By Ron Wilshire
CLARION, Pa. (EYT) – A decision by Jefferson County Commissioners on Tuesday morning could impact the five-member Pennsylvania Great Outdoors (PAGO) Tourism Agency.
Jefferson County’s Board of Commissioners voted on a resolution to decertify Pennsylvania Great Outdoors Visitors Bureau (PAGO) as the county’s Tourism Promotion Agency (TPA) during their monthly commissioner’s meeting on Tuesday morning.
Clarion County Commissioners also met on Tuesday morning, and Commissioner Ted Tharan was asked about the impact on PAGO.
“If Jefferson County pulls out, it will impact the remaining counties,” Tharan said.
“We’ve considered a lot of stuff. We haven’t decided on anything.”
The members of PAGO are Clarion, Jefferson, Forest, Elk, and Cameron Counties.
PAGO’s headquarters are in Brookville in Jefferson County.
PAGO is funded by the hotel room tax collected by the counties. Clarion County submits 50 percent of the collected tax to PAGO, and other counties submit as much as 75 percent of the tax. Clarion County has kept its hotel tax rate at three percent, while the others have raised theirs to five percent.
Each county’s appointed hotel tax committee decides how that money is spent.
The Hotel Room Rental Tax Act, the 2016 Act responsible for creating Pennsylvania’s 50 designated TPAs, states that the resolution must be “concurred in by the governing bodies representing over 65 percent of the county’s total population.”
Clarion County has the largest number of hotels on Interstate 80 and collects an estimated $200,000.00 annually.
Jefferson County’s resolution now goes to the county’s 34 municipalities for ratification.
The road to decertification is not a short one.
“The process is there to decertify a TPA (Tourism Promotion Agency) if the county or the municipalities are not happy with it,” Tharan explained.
“It requires the county’s vote and the majority of the municipalities. Once they (Jefferson County) all vote, they’ll do a public hearing so that we can have a hearing on whether or not it’s a good idea before it’s finally done.”
Like Jefferson County, Clarion County reportedly has a problem with PAGO’s transparency and accountability.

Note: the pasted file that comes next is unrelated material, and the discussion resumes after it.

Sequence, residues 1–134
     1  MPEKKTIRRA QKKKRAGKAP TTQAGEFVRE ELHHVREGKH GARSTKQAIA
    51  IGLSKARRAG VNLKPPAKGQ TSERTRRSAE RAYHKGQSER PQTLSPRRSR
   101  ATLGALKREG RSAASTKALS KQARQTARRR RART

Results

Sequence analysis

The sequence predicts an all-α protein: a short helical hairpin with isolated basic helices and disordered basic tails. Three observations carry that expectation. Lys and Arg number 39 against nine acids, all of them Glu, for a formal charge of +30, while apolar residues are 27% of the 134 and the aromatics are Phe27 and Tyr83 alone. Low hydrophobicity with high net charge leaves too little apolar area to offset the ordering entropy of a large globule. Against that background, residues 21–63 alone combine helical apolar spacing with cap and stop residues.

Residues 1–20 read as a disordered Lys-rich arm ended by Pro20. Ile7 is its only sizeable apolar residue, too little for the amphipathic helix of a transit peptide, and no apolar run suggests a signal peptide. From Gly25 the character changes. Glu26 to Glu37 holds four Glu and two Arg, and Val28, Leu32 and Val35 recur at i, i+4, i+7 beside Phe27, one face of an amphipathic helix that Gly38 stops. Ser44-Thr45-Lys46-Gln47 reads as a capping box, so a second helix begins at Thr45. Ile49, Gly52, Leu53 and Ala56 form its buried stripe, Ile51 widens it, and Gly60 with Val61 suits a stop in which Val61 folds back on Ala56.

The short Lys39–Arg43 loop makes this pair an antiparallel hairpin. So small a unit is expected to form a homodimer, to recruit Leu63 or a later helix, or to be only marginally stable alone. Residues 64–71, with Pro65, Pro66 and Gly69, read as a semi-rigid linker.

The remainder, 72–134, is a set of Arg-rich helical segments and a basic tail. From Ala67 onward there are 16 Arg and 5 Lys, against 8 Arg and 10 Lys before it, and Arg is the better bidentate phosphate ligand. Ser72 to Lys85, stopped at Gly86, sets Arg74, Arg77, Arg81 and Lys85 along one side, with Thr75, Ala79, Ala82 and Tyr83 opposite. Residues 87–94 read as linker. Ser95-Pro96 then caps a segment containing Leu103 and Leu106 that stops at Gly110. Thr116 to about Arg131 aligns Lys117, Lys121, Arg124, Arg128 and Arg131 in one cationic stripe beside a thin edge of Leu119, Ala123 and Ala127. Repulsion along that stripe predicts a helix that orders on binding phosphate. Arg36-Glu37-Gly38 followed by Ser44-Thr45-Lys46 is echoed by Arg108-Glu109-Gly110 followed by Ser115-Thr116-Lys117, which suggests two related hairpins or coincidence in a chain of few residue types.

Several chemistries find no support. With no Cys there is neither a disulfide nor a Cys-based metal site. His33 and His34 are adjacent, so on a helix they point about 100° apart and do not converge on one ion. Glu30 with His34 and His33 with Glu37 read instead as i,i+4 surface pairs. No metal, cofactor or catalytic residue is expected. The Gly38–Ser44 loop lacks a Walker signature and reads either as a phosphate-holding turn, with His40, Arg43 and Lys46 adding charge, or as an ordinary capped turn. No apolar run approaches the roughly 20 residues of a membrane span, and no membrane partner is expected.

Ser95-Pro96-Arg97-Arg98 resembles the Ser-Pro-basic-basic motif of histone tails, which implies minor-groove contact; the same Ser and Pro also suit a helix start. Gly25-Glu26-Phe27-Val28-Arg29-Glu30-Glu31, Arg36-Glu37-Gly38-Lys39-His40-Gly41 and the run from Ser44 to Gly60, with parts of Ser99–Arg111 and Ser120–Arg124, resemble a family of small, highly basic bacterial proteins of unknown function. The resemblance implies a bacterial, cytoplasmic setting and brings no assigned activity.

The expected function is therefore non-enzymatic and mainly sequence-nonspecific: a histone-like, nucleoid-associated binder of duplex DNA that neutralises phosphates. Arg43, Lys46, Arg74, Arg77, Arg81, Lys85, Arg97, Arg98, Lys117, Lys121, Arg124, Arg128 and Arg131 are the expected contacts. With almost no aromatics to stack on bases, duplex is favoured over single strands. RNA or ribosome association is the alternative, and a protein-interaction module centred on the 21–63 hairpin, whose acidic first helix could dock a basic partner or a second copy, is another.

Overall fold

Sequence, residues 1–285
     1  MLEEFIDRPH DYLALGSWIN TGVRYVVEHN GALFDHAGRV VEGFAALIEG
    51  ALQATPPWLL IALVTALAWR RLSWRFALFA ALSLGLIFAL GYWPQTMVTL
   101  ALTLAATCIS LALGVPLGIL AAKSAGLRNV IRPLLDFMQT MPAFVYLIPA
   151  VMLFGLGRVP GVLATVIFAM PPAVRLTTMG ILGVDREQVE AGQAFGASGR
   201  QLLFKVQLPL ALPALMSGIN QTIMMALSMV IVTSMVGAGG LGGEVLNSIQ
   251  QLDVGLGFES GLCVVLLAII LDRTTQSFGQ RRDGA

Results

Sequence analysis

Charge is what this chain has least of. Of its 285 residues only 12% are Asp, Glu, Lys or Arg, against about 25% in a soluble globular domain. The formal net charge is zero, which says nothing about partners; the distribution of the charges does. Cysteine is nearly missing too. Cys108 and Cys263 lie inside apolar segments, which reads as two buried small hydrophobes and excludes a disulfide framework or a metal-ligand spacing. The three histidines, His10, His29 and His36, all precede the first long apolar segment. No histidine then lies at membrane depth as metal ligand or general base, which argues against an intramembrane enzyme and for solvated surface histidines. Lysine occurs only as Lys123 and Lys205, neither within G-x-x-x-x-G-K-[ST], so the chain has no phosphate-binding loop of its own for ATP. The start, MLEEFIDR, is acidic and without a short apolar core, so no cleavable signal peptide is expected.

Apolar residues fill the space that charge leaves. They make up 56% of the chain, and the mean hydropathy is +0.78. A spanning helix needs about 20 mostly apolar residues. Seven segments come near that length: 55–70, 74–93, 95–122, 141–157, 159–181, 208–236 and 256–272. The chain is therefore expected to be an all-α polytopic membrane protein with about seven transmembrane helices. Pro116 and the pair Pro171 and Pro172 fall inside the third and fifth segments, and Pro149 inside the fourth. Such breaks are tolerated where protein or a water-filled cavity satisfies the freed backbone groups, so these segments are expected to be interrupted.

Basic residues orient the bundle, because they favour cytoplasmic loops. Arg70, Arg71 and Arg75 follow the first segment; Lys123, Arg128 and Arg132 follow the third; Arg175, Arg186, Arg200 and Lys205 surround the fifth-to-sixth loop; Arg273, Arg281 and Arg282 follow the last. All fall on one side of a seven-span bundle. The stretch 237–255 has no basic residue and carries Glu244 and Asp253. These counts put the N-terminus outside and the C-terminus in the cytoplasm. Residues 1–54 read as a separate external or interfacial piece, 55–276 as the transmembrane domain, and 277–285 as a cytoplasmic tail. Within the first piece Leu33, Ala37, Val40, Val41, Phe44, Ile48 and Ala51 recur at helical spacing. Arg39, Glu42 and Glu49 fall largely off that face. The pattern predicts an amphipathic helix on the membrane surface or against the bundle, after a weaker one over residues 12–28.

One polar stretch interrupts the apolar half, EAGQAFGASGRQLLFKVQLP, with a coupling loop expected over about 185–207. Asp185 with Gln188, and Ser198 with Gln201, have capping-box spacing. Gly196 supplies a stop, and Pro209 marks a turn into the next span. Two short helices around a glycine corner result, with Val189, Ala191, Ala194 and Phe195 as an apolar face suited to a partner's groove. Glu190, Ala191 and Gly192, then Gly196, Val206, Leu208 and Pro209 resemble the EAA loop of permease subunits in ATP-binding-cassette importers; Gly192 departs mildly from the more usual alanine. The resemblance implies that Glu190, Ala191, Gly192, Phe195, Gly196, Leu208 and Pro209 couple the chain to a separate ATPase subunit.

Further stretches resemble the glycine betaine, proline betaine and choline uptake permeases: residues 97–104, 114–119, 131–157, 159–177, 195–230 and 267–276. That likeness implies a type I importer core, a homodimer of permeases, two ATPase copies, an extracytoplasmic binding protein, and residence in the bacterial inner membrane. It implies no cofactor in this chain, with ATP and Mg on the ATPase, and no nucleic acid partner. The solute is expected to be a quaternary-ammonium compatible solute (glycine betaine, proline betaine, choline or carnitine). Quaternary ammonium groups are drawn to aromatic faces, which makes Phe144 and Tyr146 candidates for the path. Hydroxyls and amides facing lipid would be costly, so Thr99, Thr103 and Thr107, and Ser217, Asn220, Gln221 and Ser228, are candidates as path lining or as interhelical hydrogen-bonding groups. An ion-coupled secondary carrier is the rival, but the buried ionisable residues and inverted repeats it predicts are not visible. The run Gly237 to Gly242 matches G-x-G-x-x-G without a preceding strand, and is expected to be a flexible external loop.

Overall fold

Clarion County has been trying to receive complete PAGO audit information for three years and sent a letter to the DCED (Department of Community and Economic Development). They were withholding payment until it was satisfied with all the materials it had not received and that they were required by law to do.
“We have received some information,” Tharan said. “Whether it’s satisfactory, I don’t know yet.”
At a recent Jefferson County hearing, most people supporting PAGO were from the Cook Forest area.
Tharan said, “That’s probably true because three counties–Jefferson, Forest, and Clarion–have a part of Cook Forest. Clarion has most of Cook Forest, and we have the Welcome Center there.”
Following the Jefferson County Commissioners’ vote, Executive Director of Pennsylvania Great Outdoors Visitors Bureau John Straitiff told exploreJeffersonPA.com, “We are very disappointed in today’s vote. The growth in room tax collections since 2014 in Jefferson County proves that we have done our assigned job well.
“The lodging and tourism-related businesses in Jefferson County have shown us tremendous support during the last several weeks. Unfortunately, they are the ones who truly suffer from this decision. PAGO has always used the hotel tax funds for marketing as directed by Act 18 and has worked to provide the requested information to the commissioners.”
However, the Jefferson County Commissioners explained that it’s not PAGO’s performance but its lack of transparency and accountability that led to Tuesday’s vote.
Gavin Fish contributed to this story.